88: For Better or Worse

88: For Better or Worse

From Chicken Soup for the Soul: Married Life!

For Better or Worse

No matter what else goes wrong around us, with that one person we’re safe in our own paradise.

~Richard Bach

“I’m sorry” was what I wanted to say. Too bad I lacked the nerve to say it. Two little words, that’s all they were, but if I’d the courage to say them, they’d only open the door to more words — many more. An inevitable conversation would result if my thoughts were given a voice, and to be honest, talking about it was something I’d been trying to avoid.

And so we sat out on our deck in silence and watched the intermittent bursts of lightning in the distant nighttime skies. The muffled rumbles of thunder that followed gave fair warning of the coming storm — the symbolism suggested by its approach wasn’t lost on me as I thought about all we’d been through lately — especially the infertility. I wondered if she thought about it as much as I did, and if so, what was she thinking? A part of me wanted to know, but fearing what she might say, or worse yet, how she might react, I was curious enough to wonder, but cautious enough not to ask.

In truth, my silence sustained my sense of security, but it was merely postponing the inevitable. I knew that sooner or later she was going to want to talk about it, and when she did, my fragile defenses would most certainly crumble — especially if she became emotional. Should that happen we were going to have another problem — perhaps a bigger one — I wasn’t going to be able to comfort or console her. No reassuring words from me would be forthcoming.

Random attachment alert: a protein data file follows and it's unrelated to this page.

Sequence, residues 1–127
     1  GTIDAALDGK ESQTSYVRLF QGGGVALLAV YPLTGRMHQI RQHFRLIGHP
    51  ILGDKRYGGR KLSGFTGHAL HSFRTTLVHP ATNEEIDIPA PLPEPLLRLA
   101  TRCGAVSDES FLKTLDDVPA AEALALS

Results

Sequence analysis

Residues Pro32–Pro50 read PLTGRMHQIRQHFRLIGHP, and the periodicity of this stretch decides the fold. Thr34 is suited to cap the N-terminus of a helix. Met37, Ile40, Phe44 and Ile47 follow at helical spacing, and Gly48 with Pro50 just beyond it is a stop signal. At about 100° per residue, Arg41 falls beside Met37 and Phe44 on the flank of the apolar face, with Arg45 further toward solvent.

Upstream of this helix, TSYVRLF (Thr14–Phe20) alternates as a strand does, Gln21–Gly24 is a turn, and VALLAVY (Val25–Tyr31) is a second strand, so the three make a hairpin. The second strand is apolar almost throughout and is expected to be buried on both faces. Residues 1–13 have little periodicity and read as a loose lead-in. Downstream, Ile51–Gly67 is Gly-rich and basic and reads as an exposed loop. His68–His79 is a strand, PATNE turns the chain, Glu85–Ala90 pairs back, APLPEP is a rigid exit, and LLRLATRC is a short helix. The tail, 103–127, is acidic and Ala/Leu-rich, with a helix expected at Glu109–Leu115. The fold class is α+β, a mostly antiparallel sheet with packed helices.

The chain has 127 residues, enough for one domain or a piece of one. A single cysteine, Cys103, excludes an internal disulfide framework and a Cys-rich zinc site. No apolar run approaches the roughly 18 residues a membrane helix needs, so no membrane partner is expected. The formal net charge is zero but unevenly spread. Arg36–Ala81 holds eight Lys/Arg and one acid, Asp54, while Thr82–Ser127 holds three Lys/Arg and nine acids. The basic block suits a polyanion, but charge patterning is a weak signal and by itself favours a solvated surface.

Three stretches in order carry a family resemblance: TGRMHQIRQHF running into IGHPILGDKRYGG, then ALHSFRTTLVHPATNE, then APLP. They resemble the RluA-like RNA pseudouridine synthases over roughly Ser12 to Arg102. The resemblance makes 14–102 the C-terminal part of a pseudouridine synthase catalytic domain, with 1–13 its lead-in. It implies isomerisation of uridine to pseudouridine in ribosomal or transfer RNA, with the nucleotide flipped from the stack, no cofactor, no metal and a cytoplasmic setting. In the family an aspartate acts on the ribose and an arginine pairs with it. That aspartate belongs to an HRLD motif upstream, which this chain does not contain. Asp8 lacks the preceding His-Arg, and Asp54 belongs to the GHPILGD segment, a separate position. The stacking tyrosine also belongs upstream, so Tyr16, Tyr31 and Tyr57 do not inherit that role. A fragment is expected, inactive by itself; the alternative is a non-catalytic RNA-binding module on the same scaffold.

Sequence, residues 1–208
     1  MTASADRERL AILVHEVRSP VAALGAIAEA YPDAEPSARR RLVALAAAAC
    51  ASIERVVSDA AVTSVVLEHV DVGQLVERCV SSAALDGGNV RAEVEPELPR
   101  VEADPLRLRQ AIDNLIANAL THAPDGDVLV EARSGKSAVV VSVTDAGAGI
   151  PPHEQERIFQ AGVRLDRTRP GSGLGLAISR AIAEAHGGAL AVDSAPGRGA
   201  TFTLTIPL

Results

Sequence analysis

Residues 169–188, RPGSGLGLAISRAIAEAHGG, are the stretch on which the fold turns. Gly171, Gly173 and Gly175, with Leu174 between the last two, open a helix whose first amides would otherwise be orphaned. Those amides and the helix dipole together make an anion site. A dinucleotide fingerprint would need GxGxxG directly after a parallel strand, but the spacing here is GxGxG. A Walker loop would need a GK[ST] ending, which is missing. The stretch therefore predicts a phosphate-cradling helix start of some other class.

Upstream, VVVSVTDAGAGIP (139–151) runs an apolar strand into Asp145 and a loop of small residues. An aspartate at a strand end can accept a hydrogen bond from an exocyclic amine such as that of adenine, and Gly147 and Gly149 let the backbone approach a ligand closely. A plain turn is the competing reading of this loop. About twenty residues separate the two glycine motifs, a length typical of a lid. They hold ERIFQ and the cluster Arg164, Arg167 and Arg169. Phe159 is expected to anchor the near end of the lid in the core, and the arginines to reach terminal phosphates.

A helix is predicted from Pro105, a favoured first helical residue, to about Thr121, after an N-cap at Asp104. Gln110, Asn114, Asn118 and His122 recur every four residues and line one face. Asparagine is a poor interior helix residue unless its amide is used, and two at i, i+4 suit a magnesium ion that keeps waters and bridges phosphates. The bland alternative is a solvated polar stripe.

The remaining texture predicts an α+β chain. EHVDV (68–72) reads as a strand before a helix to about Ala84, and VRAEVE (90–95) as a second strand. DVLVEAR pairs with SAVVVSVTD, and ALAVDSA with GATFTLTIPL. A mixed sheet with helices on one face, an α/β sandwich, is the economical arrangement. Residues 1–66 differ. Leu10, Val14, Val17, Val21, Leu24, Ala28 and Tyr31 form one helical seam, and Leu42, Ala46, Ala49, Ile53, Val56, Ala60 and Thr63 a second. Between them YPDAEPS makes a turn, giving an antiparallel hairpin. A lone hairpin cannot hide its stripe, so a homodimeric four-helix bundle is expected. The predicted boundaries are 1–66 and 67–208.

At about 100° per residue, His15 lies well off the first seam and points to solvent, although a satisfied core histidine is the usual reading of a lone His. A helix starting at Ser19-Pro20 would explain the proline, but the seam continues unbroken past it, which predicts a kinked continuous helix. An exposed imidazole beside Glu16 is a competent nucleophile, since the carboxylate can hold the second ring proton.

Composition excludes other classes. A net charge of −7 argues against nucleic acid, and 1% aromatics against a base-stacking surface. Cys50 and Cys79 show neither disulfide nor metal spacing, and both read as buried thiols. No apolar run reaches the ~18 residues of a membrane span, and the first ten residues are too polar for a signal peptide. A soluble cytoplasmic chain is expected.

Infertility was the sole obstacle to the idyllic life that we’d planned. After marriage, we saved money and bought a house. Renovations followed and so did a new puppy. When the work was done and our house had become our home, it was time to begin filling the freshly painted bedrooms with babies, but it didn’t turn out that way. We did come close to achieving our goals though, but without children, living that 1950s sitcom life that I’d envisioned while growing up watching shows such as The Adventures of Ozzie and Harriet or Father Knows Best just wasn’t happening. In the end, even our puppy wasn’t enough to provide me with the sense of family that TV dad Ozzie Nelson must have felt when he came home at the end of the day to Harriett, David and Ricky.

As the storm approached, I knew we should talk, but my fears demanded otherwise. They did, however, provoke an unexpected memory. I was at camp, a young scout, standing on the edge of the dock, waiting for the signal to enter the cold, dark and frightening waters for my swimmer’s test. Not being very good at camp aquatics, I knew that I’d have to push aside my fears, take a deep breath and jump in. So many years had passed since then, but once again I found myself standing on the edge, knowing what I had to do, knowing that it was almost time to jump back into the frightening waters.

A brilliant flash crossed the sky and was immediately followed by the sounds of rolling thunder, and then silence. The air became still — the calm before the storm — another fitting metaphor. I closed my eyes, gathered my thoughts, and then, finally, allowed them a voice. Choking back my fears, I took a deep breath and jumped in.